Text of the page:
"How could he? I was set on having my way. And he was there for me afterward." He'd shown up at her door about a month after Barry walked out, all eager to get himself thrown in jail for beating up the heir of one of the town's richest families. Hannah smiled and shook her head. Patrick McBride had a real talent for showing his love for his daughters in ways apt to cause them trouble or embarrassment. "He quit his job in Colorado," Hannah went on reminiscently, "and started back to Montana, but his truck threw a rod outside of Billings. He left it there and kept on coming, hitchhiking the rest of the way." He'd shown up broke and breathing fire, and talking him out of his revenge had been quite a task. Somehow, in the process, Hannah had lost any lingering taste for it herself. After a while, she'd just plain gotten tired of hating Barry. You had to let go of the hard, hateful feelings, or you kept one foot in the past, dragging it along with you. She had wanted to move on. She glanced at Nate. She wasn't at all sure he'd moved on. "What was he doing in Colorado if you were in Montana?" She shrugged. "That's how Dad is—his feet get to itching, and he has to be off. In fact, that was part of the reason I got married instead of just—well, you know. He'd decided he was ready to go, and I didn't want to go." Hannah's need for roots had mingled with curiosity and plain old lust to make marriage seem inevitable. Maybe other girls her age hadn't thought they had to get married to have sex, but Hannah's head had been filled with fairy tales and wedding bells. She expected a ribald comment from Nate, or maybe a smile. Instead, his eyebrows—both of them, quirky and straight—stayed caught in a frown. "Your father could have stayed there with you. You would have come to your senses sooner or later." "No," she said sadly, "he couldn't. After my mom died, he just couldn't stay anywhere for long." He didn't answer at first. When he did, his voice was quiet. "My father changed, too. After my mother died. He wasn't the man he'd been before." "Changed how?" "He'd always had a bad temper, but he rarely let it loose when she was alive. Afterward…" He shrugged. "Mark and I got good at staying out of his way when his temper was up." Had their father hurt them? Physically hurt them? Given what she'd heard in town, it seemed possible. She wanted to ask. She wanted to tell him that he wasn't like his father, no matter what those people had said. But his expression was closed and forbidding again, as if he regretted having said so much. She let the conversation lapse. Silence felt natural out here. So many of nature's sounds were small and secret, like the whisper of a breeze that tugged at her borrowed hat, or the panicked escape of a jack-rabbit surprised by their passage. Nature could get noisy at times, of course, like when one of the wild storms of the plains blew in, cracking the sky open with thunder and making the air scream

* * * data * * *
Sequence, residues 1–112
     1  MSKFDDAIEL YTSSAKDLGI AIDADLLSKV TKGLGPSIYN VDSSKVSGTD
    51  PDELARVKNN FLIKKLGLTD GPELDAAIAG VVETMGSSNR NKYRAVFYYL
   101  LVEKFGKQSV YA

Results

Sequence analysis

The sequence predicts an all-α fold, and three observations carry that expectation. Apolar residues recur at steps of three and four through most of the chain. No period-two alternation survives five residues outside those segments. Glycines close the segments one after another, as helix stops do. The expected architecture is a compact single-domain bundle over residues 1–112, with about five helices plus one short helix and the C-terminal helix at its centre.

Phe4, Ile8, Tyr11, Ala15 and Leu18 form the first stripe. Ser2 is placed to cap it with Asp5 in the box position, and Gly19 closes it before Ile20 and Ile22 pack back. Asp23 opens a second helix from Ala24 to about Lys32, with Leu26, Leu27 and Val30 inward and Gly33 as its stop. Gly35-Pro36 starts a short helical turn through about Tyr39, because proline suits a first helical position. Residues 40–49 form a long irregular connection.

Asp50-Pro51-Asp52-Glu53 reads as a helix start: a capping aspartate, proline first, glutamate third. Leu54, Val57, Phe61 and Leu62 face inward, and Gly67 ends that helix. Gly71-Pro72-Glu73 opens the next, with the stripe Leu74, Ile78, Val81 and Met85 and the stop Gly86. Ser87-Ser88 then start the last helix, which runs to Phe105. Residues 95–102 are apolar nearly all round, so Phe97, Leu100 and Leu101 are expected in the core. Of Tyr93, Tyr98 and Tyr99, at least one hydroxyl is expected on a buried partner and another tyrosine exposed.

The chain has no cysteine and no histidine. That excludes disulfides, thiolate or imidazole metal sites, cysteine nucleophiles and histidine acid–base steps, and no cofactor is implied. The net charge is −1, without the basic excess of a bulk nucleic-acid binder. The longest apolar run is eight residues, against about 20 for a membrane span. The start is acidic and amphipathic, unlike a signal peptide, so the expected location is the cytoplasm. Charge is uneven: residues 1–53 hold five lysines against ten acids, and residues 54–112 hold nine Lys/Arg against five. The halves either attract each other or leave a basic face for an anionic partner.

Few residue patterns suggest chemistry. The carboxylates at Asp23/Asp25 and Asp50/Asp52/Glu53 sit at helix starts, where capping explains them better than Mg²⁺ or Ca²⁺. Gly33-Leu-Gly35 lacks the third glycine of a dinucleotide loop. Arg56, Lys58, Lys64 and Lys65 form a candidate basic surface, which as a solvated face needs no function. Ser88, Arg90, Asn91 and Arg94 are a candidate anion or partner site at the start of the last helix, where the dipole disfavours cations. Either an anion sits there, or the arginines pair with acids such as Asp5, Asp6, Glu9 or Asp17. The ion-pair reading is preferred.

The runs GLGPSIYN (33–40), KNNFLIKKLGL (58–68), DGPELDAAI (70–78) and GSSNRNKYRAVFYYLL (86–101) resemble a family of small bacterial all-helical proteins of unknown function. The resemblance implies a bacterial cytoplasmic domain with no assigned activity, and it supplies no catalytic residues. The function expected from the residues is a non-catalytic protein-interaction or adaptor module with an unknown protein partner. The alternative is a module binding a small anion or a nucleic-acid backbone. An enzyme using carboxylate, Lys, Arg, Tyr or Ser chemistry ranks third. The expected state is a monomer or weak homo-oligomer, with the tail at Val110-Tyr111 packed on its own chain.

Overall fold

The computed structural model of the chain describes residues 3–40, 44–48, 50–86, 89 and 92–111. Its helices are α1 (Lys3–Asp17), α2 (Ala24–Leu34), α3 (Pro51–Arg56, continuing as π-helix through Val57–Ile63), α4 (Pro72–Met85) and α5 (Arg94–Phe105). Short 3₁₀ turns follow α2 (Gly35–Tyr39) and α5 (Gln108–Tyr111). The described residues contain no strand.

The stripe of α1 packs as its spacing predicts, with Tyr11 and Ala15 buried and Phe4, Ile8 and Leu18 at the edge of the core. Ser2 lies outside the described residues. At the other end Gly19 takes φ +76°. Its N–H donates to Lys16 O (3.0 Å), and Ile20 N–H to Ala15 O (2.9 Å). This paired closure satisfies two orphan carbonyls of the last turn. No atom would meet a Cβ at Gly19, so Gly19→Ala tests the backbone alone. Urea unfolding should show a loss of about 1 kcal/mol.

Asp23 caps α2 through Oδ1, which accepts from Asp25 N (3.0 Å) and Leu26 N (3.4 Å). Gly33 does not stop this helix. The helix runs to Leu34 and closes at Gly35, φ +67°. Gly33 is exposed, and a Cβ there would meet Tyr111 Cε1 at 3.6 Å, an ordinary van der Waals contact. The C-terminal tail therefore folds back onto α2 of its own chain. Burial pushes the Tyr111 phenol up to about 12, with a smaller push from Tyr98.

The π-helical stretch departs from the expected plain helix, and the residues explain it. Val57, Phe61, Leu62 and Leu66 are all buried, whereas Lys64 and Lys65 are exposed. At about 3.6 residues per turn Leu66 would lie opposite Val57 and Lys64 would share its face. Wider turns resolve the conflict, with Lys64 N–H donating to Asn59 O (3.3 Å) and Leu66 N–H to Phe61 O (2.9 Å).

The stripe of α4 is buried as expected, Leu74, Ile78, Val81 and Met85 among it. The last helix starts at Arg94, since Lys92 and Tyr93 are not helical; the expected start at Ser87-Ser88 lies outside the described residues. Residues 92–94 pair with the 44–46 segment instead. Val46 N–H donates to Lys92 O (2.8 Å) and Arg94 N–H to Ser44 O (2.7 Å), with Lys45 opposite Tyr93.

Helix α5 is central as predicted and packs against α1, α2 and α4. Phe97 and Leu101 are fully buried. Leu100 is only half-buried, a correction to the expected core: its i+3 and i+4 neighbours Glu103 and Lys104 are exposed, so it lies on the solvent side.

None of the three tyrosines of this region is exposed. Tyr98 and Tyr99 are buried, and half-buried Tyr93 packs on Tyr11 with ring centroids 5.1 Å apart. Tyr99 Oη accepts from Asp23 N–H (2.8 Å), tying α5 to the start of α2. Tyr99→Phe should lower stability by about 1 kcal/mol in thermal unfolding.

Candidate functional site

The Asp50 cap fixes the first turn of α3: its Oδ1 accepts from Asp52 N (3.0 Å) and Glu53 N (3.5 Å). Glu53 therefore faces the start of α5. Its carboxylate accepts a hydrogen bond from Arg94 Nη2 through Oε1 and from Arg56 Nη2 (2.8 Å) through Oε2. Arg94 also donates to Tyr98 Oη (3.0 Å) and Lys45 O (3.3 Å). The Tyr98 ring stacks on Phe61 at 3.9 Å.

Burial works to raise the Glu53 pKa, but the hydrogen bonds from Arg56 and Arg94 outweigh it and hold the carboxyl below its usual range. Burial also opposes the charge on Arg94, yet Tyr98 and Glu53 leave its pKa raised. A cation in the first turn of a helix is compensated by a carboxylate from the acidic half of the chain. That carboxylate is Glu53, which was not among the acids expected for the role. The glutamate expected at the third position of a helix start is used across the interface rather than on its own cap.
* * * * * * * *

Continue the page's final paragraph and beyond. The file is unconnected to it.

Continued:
with wind and rain. As if in answer to her thoughts, as they neared the tumble of rock that was their goal, a low growl of thunder sounded off in the distance. To the west, out near the border between land and sky, long streaks of gray rain arced from dusky clouds to dusty ground. She grinned. "I thought you said we wouldn't get any rain." "We won't. Wind's carrying it south. It won't reach us." The rocks they'd been aiming at were much larger than they'd looked from a distance. A huge slab of granite poked up through the soil in a flat-topped ridge, with crumbles of stone in all sizes scattered around. "There's a path to the top. It's enough of a climb to be a good stretch after the ride out here," Nate said, swinging down from the mare's back. He led the horse a few steps closer to the rock and tied the reins to something. When he stepped aside, she saw that there was a metal ring driven into the rock. "You must come here pretty often." "Mark drove that in years ago. He … used to spend more time on the ranch than he does now. There's just the one tie-down, but you won't need to tie Ajax. He'll hang around. This lady doesn't have his good sense," he said patting the mare on her spotted flank. Hannah shifted uncomfortably in the saddle, but she remembered her plan and didn't get down. It wasn't that she didn't trust him… He raised his eyebrows. "Coming?" Moving around sounded really good. The rocky ridge looked inviting—but so did the man watching her. "I don't think so." Humor gleamed in his dark eyes. "I'm not going to jump on you. Not without giving fair warning, anyway." She grimaced. "Fair warning" might not be enough, not the way her body acted around him. "I think I'm better off up here." "Hannah, you trusted me to tell you whatever else you should know about me—about what happened six years ago. Will you climb the rocks with me now, and listen?" She didn't want to. She almost wheeled Ajax's head around and kicked him in the ribs. Her fingers actually twitched on the reins before she stilled them. The urge to gallop away was so startling and so absurd that she sat frozen, staring down at him. Hadn't she decided that it was best this way? She'd stopped those old biddies at the church from giving her their version of Nate's past because she'd thought she should hear it from him first. That was why she'd stopped them, wasn't it? But she hadn't thought that he would bring it up this soon. And now, looking down at him standing by the granite out-cropping, tasting her heartbeat in her throat and with fear ghosting across her mind, she understood that she wasn't as sure of anything as she had thought. Not of him. Not of herself. But he was waiting. And she couldn't turn away from whatever he wanted to tell her. She